Psilocybin occasioned mystical-type experiences: immediate and persisting dose-related effects
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This dose-effect study extends previous observations showing that psilocybin can occasion mystical-type experiences having persisting positive effects on attitudes, mood, and behavior.
This double-blind study evaluated psilocybin (0, 5, 10, 20, 30 mg/70 kg, p.o.) administered under supportive conditions.
Participants were 18 adults (17 hallucinogen-naïve). Five 8-h sessions were conducted individually for each participant at 1-month intervals. Participants were randomized to receive the four active doses in either ascending or descending order (nine participants each). Placebo was scheduled quasi-randomly. During sessions, volunteers used eyeshades and were instructed to direct their attention inward. Volunteers completed questionnaires assessing effects immediately after and 1 month after each session, and at 14 months follow-up.
Psilocybin produced acute perceptual and subjective effects including, at 20 and/or 30 mg/70 kg, extreme anxiety/fear (39% of volunteers) and/or mystical-type experience (72% of volunteers). One month after sessions at the two highest doses, volunteers rated the psilocybin experience as having substantial personal and spiritual significance, and attributed to the experience sustained positive changes in attitudes, mood, and behavior, with the ascending dose sequence showing greater positive effects. At 14 months, ratings were undiminished and were consistent with changes rated by community observers. Both the acute and persisting effects of psilocybin were generally a monotonically increasing function of dose, with the lowest dose showing significant effects.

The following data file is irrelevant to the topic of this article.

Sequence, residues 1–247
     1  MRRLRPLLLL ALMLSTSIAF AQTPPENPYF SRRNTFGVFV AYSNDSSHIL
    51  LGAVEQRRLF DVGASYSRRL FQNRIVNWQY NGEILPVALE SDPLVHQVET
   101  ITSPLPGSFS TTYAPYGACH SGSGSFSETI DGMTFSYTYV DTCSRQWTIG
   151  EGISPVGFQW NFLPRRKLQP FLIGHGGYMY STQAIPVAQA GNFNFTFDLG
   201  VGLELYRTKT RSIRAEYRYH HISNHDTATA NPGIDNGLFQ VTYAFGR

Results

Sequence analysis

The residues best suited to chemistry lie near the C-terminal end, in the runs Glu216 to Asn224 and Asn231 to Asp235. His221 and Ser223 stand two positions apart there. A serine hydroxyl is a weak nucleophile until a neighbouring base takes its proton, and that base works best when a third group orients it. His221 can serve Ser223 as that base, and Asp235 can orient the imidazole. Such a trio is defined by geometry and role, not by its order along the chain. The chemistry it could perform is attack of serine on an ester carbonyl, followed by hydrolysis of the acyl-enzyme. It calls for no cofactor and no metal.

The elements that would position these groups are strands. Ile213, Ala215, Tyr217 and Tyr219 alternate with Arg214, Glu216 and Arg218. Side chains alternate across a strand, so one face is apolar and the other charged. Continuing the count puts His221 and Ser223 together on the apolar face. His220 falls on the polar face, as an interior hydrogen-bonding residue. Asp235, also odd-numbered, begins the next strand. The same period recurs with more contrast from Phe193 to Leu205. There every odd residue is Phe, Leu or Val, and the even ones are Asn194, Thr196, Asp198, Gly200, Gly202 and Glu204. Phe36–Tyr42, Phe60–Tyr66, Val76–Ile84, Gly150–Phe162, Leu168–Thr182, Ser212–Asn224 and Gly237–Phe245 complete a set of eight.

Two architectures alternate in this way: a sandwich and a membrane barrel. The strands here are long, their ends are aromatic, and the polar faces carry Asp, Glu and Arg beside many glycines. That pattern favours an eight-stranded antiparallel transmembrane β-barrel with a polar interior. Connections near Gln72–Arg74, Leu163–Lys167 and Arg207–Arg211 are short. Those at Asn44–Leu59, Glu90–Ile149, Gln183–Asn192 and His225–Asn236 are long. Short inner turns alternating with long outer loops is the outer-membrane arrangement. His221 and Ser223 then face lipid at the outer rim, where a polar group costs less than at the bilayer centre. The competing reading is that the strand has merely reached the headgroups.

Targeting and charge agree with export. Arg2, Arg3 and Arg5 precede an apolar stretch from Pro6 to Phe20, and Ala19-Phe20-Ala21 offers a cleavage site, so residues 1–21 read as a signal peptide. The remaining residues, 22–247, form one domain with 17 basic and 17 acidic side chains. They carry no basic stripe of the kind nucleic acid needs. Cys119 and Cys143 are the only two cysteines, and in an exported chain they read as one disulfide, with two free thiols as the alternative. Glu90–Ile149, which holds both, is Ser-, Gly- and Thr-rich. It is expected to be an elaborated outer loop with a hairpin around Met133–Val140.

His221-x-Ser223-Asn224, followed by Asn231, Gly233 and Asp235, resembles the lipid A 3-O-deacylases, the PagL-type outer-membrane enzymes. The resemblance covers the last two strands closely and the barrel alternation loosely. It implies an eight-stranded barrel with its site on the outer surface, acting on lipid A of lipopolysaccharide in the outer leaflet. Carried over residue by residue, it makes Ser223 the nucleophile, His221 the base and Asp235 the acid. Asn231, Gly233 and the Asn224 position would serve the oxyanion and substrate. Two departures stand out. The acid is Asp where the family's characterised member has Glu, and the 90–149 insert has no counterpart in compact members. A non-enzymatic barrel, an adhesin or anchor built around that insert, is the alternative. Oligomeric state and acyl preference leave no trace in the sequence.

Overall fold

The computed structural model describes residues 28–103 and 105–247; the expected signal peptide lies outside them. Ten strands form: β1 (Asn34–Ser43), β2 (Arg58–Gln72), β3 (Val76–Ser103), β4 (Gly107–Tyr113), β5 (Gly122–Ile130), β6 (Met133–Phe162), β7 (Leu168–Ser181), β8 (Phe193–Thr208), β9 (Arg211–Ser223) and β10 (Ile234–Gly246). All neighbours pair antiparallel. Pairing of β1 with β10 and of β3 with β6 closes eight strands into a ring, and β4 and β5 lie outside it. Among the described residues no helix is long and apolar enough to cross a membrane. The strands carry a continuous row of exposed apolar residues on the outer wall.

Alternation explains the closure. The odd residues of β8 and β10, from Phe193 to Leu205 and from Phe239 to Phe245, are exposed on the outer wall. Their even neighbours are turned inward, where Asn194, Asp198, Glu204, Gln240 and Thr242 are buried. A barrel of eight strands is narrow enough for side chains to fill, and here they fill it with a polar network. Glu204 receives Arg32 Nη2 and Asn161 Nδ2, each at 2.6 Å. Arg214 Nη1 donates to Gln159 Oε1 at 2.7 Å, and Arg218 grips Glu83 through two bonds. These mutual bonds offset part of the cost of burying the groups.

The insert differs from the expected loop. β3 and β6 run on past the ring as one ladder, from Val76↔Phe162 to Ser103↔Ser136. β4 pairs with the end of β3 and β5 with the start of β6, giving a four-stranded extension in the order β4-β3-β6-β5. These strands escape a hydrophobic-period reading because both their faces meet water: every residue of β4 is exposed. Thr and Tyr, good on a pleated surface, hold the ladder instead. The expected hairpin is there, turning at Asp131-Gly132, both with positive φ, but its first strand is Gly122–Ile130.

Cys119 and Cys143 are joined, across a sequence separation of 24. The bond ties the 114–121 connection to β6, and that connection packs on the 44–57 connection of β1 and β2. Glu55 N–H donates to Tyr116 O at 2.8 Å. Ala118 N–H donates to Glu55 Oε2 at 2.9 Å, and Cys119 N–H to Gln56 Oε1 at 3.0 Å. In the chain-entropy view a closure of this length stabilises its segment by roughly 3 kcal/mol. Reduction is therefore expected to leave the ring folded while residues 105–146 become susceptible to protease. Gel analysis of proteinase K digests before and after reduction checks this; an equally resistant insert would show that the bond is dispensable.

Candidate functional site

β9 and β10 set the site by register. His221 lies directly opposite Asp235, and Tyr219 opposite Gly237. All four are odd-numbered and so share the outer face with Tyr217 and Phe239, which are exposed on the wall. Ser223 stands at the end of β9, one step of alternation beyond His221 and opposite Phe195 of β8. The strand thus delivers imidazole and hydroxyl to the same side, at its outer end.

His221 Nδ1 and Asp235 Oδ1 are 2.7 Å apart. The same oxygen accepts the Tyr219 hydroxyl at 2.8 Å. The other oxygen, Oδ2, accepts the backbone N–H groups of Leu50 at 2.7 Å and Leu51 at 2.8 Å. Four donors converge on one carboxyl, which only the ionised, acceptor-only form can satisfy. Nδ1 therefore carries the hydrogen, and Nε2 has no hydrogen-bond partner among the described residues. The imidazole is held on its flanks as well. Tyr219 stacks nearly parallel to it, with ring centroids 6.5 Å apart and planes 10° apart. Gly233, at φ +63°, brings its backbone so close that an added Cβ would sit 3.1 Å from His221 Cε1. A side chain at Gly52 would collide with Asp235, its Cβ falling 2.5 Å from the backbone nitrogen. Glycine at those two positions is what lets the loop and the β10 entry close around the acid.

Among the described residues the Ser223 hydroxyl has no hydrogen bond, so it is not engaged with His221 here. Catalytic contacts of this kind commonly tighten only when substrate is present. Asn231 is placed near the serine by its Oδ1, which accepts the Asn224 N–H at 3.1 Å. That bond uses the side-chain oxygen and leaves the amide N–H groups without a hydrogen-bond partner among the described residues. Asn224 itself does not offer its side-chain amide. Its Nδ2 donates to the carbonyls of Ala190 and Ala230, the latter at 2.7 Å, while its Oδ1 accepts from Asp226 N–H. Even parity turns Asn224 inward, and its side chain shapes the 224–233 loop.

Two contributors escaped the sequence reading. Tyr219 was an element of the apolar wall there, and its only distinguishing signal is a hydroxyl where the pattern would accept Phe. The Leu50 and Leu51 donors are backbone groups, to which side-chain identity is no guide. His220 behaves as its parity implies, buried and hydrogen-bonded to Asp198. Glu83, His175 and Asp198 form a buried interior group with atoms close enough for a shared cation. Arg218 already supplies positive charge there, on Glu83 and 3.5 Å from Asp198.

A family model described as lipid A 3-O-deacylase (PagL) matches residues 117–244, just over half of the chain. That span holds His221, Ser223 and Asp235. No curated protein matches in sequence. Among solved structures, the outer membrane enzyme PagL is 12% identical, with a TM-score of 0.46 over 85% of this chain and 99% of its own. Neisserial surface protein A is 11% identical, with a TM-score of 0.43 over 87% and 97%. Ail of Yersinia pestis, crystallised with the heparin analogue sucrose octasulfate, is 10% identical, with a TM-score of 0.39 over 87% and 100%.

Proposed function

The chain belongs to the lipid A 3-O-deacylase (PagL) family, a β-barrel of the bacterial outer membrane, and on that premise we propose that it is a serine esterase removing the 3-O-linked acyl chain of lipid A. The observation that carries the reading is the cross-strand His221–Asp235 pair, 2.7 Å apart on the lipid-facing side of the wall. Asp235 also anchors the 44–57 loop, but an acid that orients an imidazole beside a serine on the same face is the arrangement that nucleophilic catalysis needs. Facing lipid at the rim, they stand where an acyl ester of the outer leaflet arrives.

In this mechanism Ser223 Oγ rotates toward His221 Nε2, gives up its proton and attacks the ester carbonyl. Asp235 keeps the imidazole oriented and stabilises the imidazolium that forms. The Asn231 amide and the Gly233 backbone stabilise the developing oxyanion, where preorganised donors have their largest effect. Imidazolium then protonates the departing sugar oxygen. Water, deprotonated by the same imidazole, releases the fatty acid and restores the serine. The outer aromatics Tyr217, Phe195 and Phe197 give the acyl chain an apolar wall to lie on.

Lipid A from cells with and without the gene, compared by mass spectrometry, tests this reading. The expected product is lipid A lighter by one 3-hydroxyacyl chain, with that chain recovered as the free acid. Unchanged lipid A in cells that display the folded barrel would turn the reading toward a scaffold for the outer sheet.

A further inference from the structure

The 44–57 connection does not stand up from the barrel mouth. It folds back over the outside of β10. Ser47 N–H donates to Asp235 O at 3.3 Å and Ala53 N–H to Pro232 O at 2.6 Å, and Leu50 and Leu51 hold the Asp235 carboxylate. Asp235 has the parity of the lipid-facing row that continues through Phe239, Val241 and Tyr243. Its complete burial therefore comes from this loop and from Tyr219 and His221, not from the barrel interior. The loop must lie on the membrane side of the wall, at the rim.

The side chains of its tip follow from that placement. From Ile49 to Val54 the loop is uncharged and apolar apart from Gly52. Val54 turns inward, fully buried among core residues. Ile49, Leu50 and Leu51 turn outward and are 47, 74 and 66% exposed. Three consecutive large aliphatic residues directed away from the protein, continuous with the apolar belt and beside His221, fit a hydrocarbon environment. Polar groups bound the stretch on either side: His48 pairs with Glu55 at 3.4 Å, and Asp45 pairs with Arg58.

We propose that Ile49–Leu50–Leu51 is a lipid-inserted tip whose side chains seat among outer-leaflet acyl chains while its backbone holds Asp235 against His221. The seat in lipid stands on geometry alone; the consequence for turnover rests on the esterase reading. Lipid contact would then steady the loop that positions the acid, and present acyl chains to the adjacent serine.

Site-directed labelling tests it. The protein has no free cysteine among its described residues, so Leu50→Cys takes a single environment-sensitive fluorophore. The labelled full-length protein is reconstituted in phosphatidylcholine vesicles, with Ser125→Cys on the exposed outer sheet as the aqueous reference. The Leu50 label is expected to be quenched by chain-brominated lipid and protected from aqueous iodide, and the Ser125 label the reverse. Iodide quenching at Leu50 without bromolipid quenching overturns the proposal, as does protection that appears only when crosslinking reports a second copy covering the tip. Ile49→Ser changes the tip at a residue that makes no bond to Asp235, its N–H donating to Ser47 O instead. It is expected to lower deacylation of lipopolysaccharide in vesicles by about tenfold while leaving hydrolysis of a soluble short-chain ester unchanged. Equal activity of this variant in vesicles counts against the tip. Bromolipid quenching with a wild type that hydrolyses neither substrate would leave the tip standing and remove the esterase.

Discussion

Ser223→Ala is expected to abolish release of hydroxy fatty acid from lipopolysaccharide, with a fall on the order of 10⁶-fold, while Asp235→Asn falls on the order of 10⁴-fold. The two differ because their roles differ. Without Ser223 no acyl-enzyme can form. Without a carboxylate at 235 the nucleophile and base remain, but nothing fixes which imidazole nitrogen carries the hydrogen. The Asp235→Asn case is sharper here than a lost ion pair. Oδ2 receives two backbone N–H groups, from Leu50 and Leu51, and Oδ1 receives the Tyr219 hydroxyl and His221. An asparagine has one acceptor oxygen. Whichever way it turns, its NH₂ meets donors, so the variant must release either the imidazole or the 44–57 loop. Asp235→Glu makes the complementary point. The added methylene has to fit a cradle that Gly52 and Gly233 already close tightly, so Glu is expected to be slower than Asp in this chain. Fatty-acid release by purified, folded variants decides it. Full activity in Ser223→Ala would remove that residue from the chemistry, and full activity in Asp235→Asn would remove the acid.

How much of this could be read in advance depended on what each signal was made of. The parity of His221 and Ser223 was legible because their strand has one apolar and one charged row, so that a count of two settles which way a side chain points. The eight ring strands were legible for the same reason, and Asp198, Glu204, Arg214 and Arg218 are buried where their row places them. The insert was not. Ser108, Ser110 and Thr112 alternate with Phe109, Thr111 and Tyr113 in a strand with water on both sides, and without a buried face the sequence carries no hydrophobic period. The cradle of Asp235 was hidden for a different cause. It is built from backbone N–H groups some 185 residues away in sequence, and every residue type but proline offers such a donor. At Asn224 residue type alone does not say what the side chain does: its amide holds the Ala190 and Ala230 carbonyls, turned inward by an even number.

Under supportive conditions, 20 and 30 mg/70 kg psilocybin occasioned mystical-type experiences having persisting positive effects on attitudes, mood, and behavior. Implications for therapeutic trials are discussed.
KeywordsPsilocybin Dose effects Hallucinogen Entheogen Psychedelic Mystical experience Fear Spiritual Religion Positive psychology Humans
Conduct of this research was supported by grants from the Council on Spiritual Practices, the Heffter Research Institute, and the Betsy Gordon Foundation. Effort for Roland Griffiths, Ph.D. in writing this paper was partially provided by NIH grant RO1DA03889. We thank David Nichols, Ph.D. for synthesizing the psilocybin, Mary Cosimano, M.S.W. for her role as a primary session monitor, Maggie Klinedinst for data management, and Linda Felch, M.A. and Paul Nuzzo, M.A. for statistical analyses. We also thank Larry Carter, Ph.D., Ryan Lanier, Ph.D., Benjamin McKay, Chad Ressig, Ph.D., and Ryan Vandrey, Ph.D. for serving as assistant session monitors. The study was conducted in compliance with United States laws.
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